Thus the flotation rate will depend, among other things, on the particle size.The lower the particle size the slower the flotation rate. The effect of particle size will, then, be a predominant phenomenon in the flotation of kaolin since the flotation feed contains about 79.92 wt% below 1.95 μm. This means that the probability of collision between particles and bubbles will be minimum and consequently the flotation process may become a function of time.
Thus, at longer conditioning time (e.g. 35 min) the probability of formation of anatase –anatase aggregates may increase which in turn will improve both their collision rate with air bubbles and the probability of adhesion. This may explain the significant improvement in the efficiency of the flotation of such fine particles at longer conditioning time, For this reason, the longest conditioning time (35 min.) of pulp with oleic acid will be used in the next tests.
Figure 3 depicts the effect of changing flotation speed on the performance of the flotation process. The results indicate that the flotation speed plays, also, an important role in determining the efficiency of the flotation process. Increasing the flotation speed within the range 1200-2000 rpm caused a successive improvement in the grade of the obtained concentrates where the TiO2 content was decreased from about 1.38% at the lowest flotation speed (1200 rpm) to 0.79% only at 2000 rpm. At this range of speed the R.R. and C.S. values reached their best values (0.52 and 0.30 respectively) whereas the % TiO2 removed attained its maximum value (66.45%). The degree of whiteness showed a progressive improvement, from 62 to 72, with increasing the flotation speed from 1200 to 2000 rpm . On the contrary, the results indicated that when the flotation speed increased over 2000 rpm (e.g. 2250 rpm) a significant reduction in the flotation efficiency was noticed. At the latter case, the TiO2 content was increased to about 0.95% with a significant drop in its % removal to 53.75. The whiteness and C.S. grcreased to 68 and 0.18 respectively while the R.R. increased to about 0.63, Figure 3.
The flotation rate depends, as mentioned before, upon three factors : collision, adhesion and detachement. These factors can be affected by the flotation speed. An increase in the impeller speed, whatever the size of the bubble or the particle, results in a greater detachment force between a bubble and a particle caught in the turbulent field around the impeller. Elswhere in the stirred cell where the turbulence levels are less than in the impeller region , it is likely that an increase in the impeller speed will lead to an increase in the rate of capture of the particles by bubbles. The overall flotation rate is thus a balance between the competing mechanisms.
Thus with increasing the flotation speed from 1200 to 2000 rpm the rate of collision between particles and bubbles, and their subsequent adhesion would increase. This may lead to each significant improvement in the grade of kaolin and its whiteness. However, at the highest impeller speed (2250 rpm) the rate of detachment would be dreater than that of collision and adhesion leading to poor flotation of anatase as shown in Figure 3.
Effect of Changing pH
The effect of changing pH medium was studied over a relatively wide range (2-10.5) at different speeds of conditioningand flotation, the results of which are shown in Figure 4. The results showed, again, the importance of optimizing the chemical factors after the mechanical ones. For example, changing the pH of the medium over the all pH region (2-10.5) at lower conditioning and flotation speeds (2000 amd 1500 rpm respectively) did not show any variation in the TiO2 content (1.36 %) with a very small removal percent (abt. 10 to 16%). This made the C.S. very poor (abt. 0.02 to 0.09) allover the pH region (results are not shown).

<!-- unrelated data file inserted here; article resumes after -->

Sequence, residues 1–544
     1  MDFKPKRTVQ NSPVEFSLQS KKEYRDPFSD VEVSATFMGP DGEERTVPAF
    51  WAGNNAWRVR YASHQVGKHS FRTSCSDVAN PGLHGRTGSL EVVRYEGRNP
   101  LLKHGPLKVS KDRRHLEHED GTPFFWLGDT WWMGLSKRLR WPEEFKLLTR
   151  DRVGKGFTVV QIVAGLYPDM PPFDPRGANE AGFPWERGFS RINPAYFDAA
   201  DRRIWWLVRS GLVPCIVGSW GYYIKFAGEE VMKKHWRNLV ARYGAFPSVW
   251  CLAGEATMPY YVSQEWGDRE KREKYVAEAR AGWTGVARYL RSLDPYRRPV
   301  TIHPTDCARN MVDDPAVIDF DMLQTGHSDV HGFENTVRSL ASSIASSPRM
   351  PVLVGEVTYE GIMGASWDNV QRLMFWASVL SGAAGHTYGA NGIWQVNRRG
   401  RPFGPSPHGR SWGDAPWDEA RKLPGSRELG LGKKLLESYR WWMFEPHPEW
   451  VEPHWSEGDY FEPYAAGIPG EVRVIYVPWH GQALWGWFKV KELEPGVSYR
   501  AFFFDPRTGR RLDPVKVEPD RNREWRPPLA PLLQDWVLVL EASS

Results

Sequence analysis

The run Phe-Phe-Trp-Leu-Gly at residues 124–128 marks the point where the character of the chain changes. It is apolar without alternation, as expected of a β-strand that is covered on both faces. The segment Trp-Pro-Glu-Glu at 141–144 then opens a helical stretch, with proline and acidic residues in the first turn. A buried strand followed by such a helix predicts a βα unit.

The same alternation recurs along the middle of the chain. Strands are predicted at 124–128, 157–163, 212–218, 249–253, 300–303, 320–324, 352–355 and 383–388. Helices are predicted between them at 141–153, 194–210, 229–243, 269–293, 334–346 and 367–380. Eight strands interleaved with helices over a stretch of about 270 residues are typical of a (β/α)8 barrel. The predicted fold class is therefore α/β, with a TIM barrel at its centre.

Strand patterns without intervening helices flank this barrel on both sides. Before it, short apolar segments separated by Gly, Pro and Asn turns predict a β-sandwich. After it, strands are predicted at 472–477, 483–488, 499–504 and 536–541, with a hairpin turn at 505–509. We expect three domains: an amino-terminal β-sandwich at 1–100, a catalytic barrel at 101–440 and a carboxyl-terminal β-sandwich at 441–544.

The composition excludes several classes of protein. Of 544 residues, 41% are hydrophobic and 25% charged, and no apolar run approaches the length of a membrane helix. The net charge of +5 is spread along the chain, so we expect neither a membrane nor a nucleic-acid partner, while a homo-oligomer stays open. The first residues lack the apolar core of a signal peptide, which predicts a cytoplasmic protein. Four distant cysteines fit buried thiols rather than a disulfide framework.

However, repeating the same flotation tests at the optimum speeds of conditioning (2500 rpm) and flotation (2000 rpm) showed the dependence of the efficiency of the process on the pH of the medium, Figure 4. The TiO2 content was not affected within pH 3-6 afterwhich the anatase impurities started to gradually decrease with increasing pH till 10.5 where the lowest TiO2 (0.69%) with a %age removal of about 64.11 was obtained. At the latter case , the R.R. reached its minimum value (0.45) whereas the C.S. was significantly improved to 0.34. Also, the whiteness improved to 79, Figure 4.
The variation of pH affects the sign and magnitude of the charge of kaolinite and anatase. It is known that the face surface charge on the kaolinite remains negative over a wide pH range (3-11) (Grim,1953).Abdel Rahman (1996) has found that pure kaolinite and anatase remain negative at pH's above their point of zero charge PZC (3.23 and 3.65 respectively) and both minerals are completely dispersed in the pH range 6-10.
It is clear that the effect of pH can be understood by considering the degree of dispersion, distribution of collector species and surface charge charahteristics of the anatase. When the flotation tests were performed at the optimum speeds of conditioning and flotation (Figure 4), the results showed a dependence upon the pH. In the latter case, the TiO2 content was not changed within the acidic pH region (2-6) probably due to the lack of good dispersion for the pulp. Meanwhile, the flotation process was significantly improved within the alkaline pH where successive reduction in the TiO2 content was noticed with raising the pH till 10.5 at which the lowest anatase content was obtained. Also, the R.R. reached its minimum value (0.45) while C.S improved to 0.35. Such improvement at pH 10.5 could be related to the complete dispersion of the kaolin pulp which, in turn, may lead to better distribution for oleate species on the anatase particles.
Effect of oleic acid dosage